Great winner of the European elections in the United Kingdom, the Brexit Party, founded a few months ago by the populist Nigel Farage, hopes to enter the Parliament of Westminster in a by-election Thursday in Peterborough (east of England).
“Our political establishment has been mortified by what has happened” in the European elections, said Farage, a supporter of a clear break with the EU, during a support visit Saturday to his candidate, Mike Greene , a local entrepreneur.
“But in a way, what happens here Thursday is even bigger”: it’s “the opportunity to write the next chapter of this great story,” said Nigel Farage, who dreams of overthrowing the system bipartisan – between conservative and labor – which dominates politics in the UK.
At the European poll held at the end of May, the Brexit Party came out ahead with 31.6% of the vote.
Strongly sanctioned by voters due to delays Brexit, scheduled on March 29 and postponed to October 31, the conservative party of Prime Minister Theresa May, whose resignation will be effective Friday, finished at a humiliating fifth place (9% ).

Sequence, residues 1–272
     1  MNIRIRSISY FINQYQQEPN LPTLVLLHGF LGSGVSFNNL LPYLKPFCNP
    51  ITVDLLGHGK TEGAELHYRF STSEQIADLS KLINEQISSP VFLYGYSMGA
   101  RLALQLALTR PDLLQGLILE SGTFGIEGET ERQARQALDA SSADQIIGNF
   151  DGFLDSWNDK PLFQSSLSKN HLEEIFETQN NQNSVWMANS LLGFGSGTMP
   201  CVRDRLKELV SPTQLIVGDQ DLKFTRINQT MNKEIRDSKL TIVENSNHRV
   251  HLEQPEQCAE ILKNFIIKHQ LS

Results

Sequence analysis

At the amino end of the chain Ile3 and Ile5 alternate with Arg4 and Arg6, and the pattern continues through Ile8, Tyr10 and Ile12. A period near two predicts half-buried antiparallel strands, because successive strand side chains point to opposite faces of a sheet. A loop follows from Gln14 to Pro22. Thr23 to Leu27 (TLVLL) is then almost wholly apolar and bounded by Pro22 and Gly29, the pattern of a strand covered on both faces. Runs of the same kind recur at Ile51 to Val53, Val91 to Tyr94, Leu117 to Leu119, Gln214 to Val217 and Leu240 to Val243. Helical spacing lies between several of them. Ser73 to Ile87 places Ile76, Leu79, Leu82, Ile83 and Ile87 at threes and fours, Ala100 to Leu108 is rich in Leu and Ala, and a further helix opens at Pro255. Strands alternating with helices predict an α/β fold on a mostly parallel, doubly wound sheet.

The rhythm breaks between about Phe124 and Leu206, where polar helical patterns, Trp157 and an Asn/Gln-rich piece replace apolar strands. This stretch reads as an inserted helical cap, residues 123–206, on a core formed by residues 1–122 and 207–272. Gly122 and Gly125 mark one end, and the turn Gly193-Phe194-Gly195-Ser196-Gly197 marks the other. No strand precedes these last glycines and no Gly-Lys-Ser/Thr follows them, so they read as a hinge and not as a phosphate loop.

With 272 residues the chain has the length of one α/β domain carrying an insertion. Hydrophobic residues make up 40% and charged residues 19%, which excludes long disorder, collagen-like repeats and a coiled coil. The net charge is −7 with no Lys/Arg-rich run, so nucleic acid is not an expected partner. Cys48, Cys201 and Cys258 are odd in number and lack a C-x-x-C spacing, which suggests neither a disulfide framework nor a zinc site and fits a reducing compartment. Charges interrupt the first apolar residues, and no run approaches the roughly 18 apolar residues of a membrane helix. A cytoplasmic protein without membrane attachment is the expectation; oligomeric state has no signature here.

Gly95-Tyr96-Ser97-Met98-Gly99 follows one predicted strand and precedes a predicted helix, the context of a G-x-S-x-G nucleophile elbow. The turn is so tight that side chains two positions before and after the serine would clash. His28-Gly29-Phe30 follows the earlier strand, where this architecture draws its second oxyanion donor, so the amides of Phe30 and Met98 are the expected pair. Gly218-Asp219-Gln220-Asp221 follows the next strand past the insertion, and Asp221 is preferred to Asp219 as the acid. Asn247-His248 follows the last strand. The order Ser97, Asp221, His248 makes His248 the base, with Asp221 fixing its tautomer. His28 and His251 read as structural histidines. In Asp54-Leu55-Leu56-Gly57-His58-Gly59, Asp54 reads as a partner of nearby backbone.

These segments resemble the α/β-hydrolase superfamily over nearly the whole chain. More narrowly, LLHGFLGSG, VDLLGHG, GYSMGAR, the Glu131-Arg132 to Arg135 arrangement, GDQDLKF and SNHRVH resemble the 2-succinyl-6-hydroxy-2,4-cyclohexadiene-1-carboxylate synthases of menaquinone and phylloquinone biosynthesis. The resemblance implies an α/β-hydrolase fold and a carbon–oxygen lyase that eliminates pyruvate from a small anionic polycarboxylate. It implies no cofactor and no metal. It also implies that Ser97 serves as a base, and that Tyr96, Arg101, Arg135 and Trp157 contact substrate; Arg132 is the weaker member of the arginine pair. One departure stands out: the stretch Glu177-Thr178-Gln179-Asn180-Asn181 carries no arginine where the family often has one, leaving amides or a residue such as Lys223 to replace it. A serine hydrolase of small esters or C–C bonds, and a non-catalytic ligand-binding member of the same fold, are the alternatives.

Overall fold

In Peterborough, the Brexit Party has done even better, winning 38% of the vote, largely ahead of Labor (17%), the pro-EU centrists of Lib-Dem (15%), the Conservatives only in the fourth position with 11%, tied with the Greens.
– Feeling anti-EU –
If the Brexit Party intends to capitalize on its success in the European elections to win in this election, it also relies on strong anti-EU sentiment: the city voted 62% to leave the European Union in the referendum of 23 June 2016.
In the 2017 legislative elections, Peterborough’s head office was won by Labor MP Fiona Onasanya, who had beaten the Conservatives with a majority of only 607 votes.
The by-election was triggered by Ms. Onasanya’s dismissal in early May following a petition from constituents. Nearly 28% of them have signed a text demanding its removal, exceeding the threshold of 10% of registered to overthrow an elected.
Fiona Onasanya, a 35-year-old lawyer, became the first MP to be removed through this procedure, introduced in 2015 by former Conservative Prime Minister David Cameron.
The voters had sanctioned the fact that Ms. Onasanya continued to sit while she was sentenced in January for obstructing the exercise of justice after claiming that someone else was driving her car, controlled in excess of speed. in July 2018.
Her party, Labor, had excluded her, but the 35-year-old lawyer was still working as an independent.
The polls will close at 2100 GMT, and the results are expected early Friday morning.